The institution said, “No.” But he stood his ground and waited for what God might say. The punchline of this parable is that the toll collector was right to do so.

Jesus said ”Yes” to him.

This past week the Presbyterian Church finally ended 33 years of official legitimization of discrimination against gays. Gay, lesbian, bisexual, and transgender people have been treated as modern toll collectors by the church. Through the ritual of spectacle, preachers and those who represent the religious institution have vilified, ostracized, and labeled as sinners God’s children. They have abused sacred texts and traditions to do so.

The institution of the Presbyterian Church did not take this recent action because it is nice.

It did so kicking and screaming. It was forced to do so because of courageous people who stood their ground and prayed to God,
“Have compassion! See us for who we are.”
In 1973, when I was eleven, a man named David Sindt stood up at the Presbyterian General Assembly with a hand-lettered sign that read,

“Is anyone else out there gay?”
Thus the movement for justice began in this institution, the Presbyterian Church.

I celebrate today, 38 years later, not the church, but the courageous people like David Sindt and the cloud of witnesses who have followed his example of breaking the silence.


Sunday, May 8, 2011

A Friend At Midnight (5/8/11 Mother's Day)

A Friend at Midnight
John Shuck

First Presbyterian Church
Elizabethton, Tennessee

May 8th, 2011
Mother’s Day

The Gospel of Jesus 18:1-5
Jesus said to them, “Suppose you have a friend who comes to you in the middle of the night and says to you, ‘Friend, lend me three loaves, for a friend of mine on a trip has just shown up and I have nothing to offer him.’ And suppose you reply, ‘Stop bothering me. The door is already locked and my children and I are in bed. I can’t get up to get you anything’—I tell you, even though you won’t get up and give the friend anything out of friendship, yet you will get up and give that person whatever is needed because you’d be ashamed not to.”

Robert Funk and the Jesus Seminar, The Gospel of Jesus (Santa Rosa: Polebridge Press, 1999), p. 75, Luke 11:5-8.

The parable of The Friend at Midnight is a bit of a puzzler. What motivates you to get out of bed and give three loaves to your friend who calls out to you at all hours of the night? If we can answer that question we can get a glimpse into the empire of God.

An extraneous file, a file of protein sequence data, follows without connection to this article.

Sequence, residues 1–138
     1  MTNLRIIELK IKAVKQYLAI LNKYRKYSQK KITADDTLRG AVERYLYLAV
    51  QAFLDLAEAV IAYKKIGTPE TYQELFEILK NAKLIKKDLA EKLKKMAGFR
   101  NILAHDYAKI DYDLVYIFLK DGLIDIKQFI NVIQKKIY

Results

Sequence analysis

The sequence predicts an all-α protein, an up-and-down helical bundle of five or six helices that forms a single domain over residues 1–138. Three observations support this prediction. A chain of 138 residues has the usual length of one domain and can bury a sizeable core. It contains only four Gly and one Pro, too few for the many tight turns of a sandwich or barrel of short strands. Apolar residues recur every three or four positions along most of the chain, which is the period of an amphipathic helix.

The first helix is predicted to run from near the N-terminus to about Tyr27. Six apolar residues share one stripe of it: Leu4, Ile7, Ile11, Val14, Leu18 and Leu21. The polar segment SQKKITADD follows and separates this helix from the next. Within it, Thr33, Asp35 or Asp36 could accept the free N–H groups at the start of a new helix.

This parable is only found in Luke. That is an argument against its authenticity as a parable of Jesus. It may very well be a creation of the author of Luke. In Luke it serves as an illustration for the general admonition to be persistent in prayer. It follows Luke’s version of the Lords’ Prayer. 
You have the Lord’s Prayer then the parable of the Friend at Midnight. Then Luke has Jesus say:
So I say to you, Ask, and it will be given you; search, and you will find; knock and the door will be opened for you. For everyone who asks receives, and everyone who searches finds, and for everyone who knocks, the door will be opened. Is there anyone among you who, if your child asks for a fish, will give a snake instead of a fish? Or if he child asks for an egg, will give a scorpion? If you then, who are evil, know how to give good gifts to your children, how much more will the heavenly Father give the Holy Spirit to those who ask him!”
In this setting, The Friend at Midnight is about the importance of persistence in prayer. It is similar to Luke’s interpretation of the woman knocking on the judge’s door for justice. Eventually he gives in because she wears him out. For Luke these parables are about prayer. The parables move from the lesser to the greater.
  • If an unjust judge will finally answer the woman’s request, how much more so will God?
  • If a sleeping, crabby guy in the middle of the night will finally roust himself up to give you bread, how much more so will God?
  • If you will give your child an egg instead of a scorpion and a fish instead of a snake, how much more will God give you what you need?
Take it to the Lord in prayer. You can stick most any parable in Luke’s gospel and it will be framed in such a way to be about persisting in prayer. With The Friend at Midnight, we have an allegory in which you are requesting bread from your friend who is God. Because of your persistence God will grant your request. Keep on praying. The persistent turtle wins the race.    That is how the Church has interpreted this parable through its history. 

I have said that whenever a parable appears to have a judge, an absent landlord, or a king as the god-figure we should be suspicious. Now I will add to that. Whenever we have a crabby, sleepy guy as the god-figure we should be suspicious as well.

Parables are rarely allegories. Even as the church, beginning with the author of Luke, has read this parable as an allegory to make the moral point of the importance of the persistence of prayer, we might get more mileage out of it if we read it differently. 

The parables of Jesus tell us something about life. In particular, they tell us about economic life, the economy of God, if you will, as opposed to the economy of this world of injustice.

Everyone knew what the kingdom of Caesar was like. They lived in it. Everyone knew what life was like in the kingdom of Herod. Jesus, through parable, offers a glimpse of the kingdom of God.
The Jesus Seminar Fellows thought this parable--if we can wrest it away from Luke--may go back to Jesus. It isn’t about persistence in prayer. As important as that may be, this parable isn’t that. It does have something to do with how we deal with food, the neighbor, and the stranger